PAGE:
The place where many collaborations bog down is at the level of paragraphs. By dividing up subchapters and chapters, that opportunity for failure is avoided.

You and your partner may choose to identify yourselves as the respective authors of different parts of book. Or you may choose to have an editor “Homogenize” your distinct writing styles into a consistent “voice.” Either can work.

Structure makes collaboration possible.

What’s your platform?

As a result of a teleseminar I gave yesterday, my calendar has been full of strategy calls with people who want to write or market a book and need questions answered or help. (If you want to book such a free call with me, click here.)

I’ve been amazed how many of the people I’ve spoken with have a well-established platform for marketing their book and other products. What’s a platform? It is a collection of ways in which you already have contact with a significant audience–frequent presentations; a newsletter; on-line or newspaper or magazine columns; and so on. If you contact a literary agent or a publisher, they are sure to ask about your platform. Do you have one? What is it?

A solid and broad platform is the key to immediate volume sales of your book. One person I spoke with has a continuous stream of corporate presentations on the very topic about which he is writing. I pointed out to him that most of his corporate clients are likely to want a copy of his book for each member of the audience; this could double his revenue from a single engagement! He agreed.

If you already have an established platform, think how you might take advantage of it to promote your book. If you don’t yet have one, consider investing time and energy into the creation of an appropriate one; it will both greatly increase the volume of your book sales, and enhance your market presence for your professional services.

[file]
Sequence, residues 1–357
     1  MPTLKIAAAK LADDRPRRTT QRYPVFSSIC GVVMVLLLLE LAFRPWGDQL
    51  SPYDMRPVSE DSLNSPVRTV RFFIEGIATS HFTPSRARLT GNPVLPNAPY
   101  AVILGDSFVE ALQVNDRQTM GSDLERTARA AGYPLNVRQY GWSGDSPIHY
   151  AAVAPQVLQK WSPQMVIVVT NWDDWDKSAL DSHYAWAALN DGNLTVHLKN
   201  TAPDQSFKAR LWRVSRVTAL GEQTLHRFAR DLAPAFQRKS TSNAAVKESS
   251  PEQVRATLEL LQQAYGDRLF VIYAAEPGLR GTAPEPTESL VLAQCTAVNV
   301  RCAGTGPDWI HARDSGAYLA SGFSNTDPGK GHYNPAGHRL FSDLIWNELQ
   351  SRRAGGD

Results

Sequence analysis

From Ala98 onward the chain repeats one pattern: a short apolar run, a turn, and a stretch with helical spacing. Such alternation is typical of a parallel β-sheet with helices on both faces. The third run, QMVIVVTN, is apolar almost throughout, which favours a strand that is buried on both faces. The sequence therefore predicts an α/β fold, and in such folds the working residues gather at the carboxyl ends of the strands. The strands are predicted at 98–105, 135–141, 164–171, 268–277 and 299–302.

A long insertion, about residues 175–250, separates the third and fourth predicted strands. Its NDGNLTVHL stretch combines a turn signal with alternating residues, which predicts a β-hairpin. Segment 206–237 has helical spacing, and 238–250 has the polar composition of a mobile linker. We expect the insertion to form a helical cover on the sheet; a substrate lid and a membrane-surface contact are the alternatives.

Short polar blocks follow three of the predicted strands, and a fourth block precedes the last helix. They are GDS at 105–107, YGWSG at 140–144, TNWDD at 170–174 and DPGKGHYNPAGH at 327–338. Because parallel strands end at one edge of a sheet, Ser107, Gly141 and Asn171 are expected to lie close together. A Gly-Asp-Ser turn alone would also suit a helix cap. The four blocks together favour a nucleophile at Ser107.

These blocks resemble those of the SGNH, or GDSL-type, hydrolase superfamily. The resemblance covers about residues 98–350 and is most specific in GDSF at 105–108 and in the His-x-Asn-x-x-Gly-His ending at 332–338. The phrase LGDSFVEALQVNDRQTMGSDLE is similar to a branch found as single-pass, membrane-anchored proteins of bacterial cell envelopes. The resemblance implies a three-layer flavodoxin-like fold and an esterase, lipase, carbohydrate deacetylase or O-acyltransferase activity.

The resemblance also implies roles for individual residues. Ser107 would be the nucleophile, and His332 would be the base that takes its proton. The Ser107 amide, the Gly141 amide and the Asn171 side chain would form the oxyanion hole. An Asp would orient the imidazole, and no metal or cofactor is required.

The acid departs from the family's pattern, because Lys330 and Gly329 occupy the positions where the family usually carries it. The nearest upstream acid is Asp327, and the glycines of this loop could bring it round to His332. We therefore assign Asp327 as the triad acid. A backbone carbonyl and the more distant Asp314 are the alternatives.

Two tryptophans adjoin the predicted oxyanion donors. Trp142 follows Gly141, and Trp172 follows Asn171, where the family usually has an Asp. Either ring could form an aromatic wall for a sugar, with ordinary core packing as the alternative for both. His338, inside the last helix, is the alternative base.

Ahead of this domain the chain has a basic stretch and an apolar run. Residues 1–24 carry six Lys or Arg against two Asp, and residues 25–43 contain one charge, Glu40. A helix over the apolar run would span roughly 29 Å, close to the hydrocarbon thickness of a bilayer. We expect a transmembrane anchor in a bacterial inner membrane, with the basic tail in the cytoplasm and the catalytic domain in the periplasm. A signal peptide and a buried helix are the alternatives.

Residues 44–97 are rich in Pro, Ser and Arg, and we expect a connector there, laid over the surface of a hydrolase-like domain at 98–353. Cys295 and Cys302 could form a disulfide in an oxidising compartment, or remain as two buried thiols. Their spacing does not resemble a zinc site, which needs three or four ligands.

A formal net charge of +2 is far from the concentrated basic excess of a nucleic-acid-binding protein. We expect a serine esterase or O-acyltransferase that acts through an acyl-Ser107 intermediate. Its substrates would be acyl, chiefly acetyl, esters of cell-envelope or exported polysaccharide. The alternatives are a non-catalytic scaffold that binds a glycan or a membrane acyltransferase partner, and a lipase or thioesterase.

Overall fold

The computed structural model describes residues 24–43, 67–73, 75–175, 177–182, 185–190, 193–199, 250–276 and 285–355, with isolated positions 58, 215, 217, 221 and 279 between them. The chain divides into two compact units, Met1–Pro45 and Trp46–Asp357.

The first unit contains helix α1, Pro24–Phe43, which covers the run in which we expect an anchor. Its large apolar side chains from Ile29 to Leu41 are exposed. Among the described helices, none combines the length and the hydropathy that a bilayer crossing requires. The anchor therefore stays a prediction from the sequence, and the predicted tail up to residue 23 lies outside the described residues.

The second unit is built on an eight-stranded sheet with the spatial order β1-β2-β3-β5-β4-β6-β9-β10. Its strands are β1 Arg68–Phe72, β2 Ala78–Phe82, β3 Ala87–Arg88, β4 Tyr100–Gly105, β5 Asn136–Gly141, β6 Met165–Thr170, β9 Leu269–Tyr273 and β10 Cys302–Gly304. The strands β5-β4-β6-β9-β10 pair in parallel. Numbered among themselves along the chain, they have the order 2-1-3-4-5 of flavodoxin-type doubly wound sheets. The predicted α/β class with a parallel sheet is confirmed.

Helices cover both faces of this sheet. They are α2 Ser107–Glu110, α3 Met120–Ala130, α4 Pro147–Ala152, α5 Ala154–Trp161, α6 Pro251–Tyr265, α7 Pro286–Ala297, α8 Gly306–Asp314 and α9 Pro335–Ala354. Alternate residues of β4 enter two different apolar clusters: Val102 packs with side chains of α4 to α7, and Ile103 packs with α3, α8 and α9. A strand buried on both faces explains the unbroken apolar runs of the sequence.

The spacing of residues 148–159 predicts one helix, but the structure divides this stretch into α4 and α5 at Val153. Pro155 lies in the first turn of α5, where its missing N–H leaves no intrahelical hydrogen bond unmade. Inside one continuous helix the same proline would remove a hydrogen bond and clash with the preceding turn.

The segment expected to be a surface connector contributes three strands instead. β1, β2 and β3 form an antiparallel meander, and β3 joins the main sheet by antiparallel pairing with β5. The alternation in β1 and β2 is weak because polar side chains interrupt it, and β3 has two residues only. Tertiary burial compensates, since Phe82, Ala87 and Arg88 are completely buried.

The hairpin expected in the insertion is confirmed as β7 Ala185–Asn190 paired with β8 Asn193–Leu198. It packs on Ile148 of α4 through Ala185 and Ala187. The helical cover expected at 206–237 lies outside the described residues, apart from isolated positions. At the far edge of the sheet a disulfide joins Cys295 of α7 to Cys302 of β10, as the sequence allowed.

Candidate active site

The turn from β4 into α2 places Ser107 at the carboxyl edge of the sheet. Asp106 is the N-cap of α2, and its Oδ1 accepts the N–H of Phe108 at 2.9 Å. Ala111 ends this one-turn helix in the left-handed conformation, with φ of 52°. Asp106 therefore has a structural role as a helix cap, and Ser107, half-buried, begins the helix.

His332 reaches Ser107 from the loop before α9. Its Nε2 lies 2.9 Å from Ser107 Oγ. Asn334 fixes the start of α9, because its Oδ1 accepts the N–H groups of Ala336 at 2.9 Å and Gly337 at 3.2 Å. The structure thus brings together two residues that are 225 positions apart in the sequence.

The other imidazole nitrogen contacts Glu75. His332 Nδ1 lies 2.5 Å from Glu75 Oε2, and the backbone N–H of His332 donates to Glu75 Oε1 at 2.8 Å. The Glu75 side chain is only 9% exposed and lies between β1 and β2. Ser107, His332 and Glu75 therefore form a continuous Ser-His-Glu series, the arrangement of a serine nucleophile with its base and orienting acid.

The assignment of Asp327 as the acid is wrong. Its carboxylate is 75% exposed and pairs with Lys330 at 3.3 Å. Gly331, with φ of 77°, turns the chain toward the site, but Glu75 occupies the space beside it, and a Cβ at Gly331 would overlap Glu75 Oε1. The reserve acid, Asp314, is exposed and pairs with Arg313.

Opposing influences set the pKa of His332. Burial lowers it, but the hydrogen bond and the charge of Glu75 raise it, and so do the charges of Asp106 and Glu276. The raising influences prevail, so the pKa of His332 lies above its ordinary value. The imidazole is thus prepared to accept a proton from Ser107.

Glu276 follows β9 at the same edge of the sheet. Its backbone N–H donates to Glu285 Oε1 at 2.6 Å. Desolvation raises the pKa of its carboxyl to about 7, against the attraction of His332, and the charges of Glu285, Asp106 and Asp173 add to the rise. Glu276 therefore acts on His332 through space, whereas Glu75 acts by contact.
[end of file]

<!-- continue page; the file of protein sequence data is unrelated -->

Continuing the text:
Arielle Ford says in the Huffington Post:

“I don’t buy authors, I don’t buy books, I buy platforms.” – #1 Self-Help Publisher in the world

One of the biggest mistakes authors make is thinking that they have to first write a book or the book proposal and then go out and look for a publisher. In reality, the biggest thing you need to do before you approach a publisher is to build your platform.

You want to be able to say to any publisher, “I have 3,000 names in my e-mail database. I’ve have been a guest speaker on 10 radio shows. I have done 20 paid speeches, and I am scheduled for four weekend workshops. Here is my list of upcoming speeches, the interviews I have done and my press kit.”

The reason you want to be able to tell a publisher all of this is because the only question they really have for you is, “Who is going to buy your book?” If you have something important to say and you are on to something that’s really great, you still aren’t ready to be an author until you have a platform.

Pay attention.

Are you clustering?

I keep coming back to the power of clustering in this blog because I keep meeting people who once learned how to cluster and then never used it.

Part of an H0 scale model railroad layout
Image via Wikipedia

Our Creator did not provide our brain with an index. As a result, we usually don’t know what we know on any particular topic. “Do you know anything about electric trains?” “No. Well, wait–I had a Lionel set when I was 10. It had three tracks. I remember seeing some other kinds in my neighborhood hobby store–I think they were HO scale and NN scale. Oh, yeah, and…” 20 minutes later, you realize you do know something about electric trains. And given more time, you’d discover more.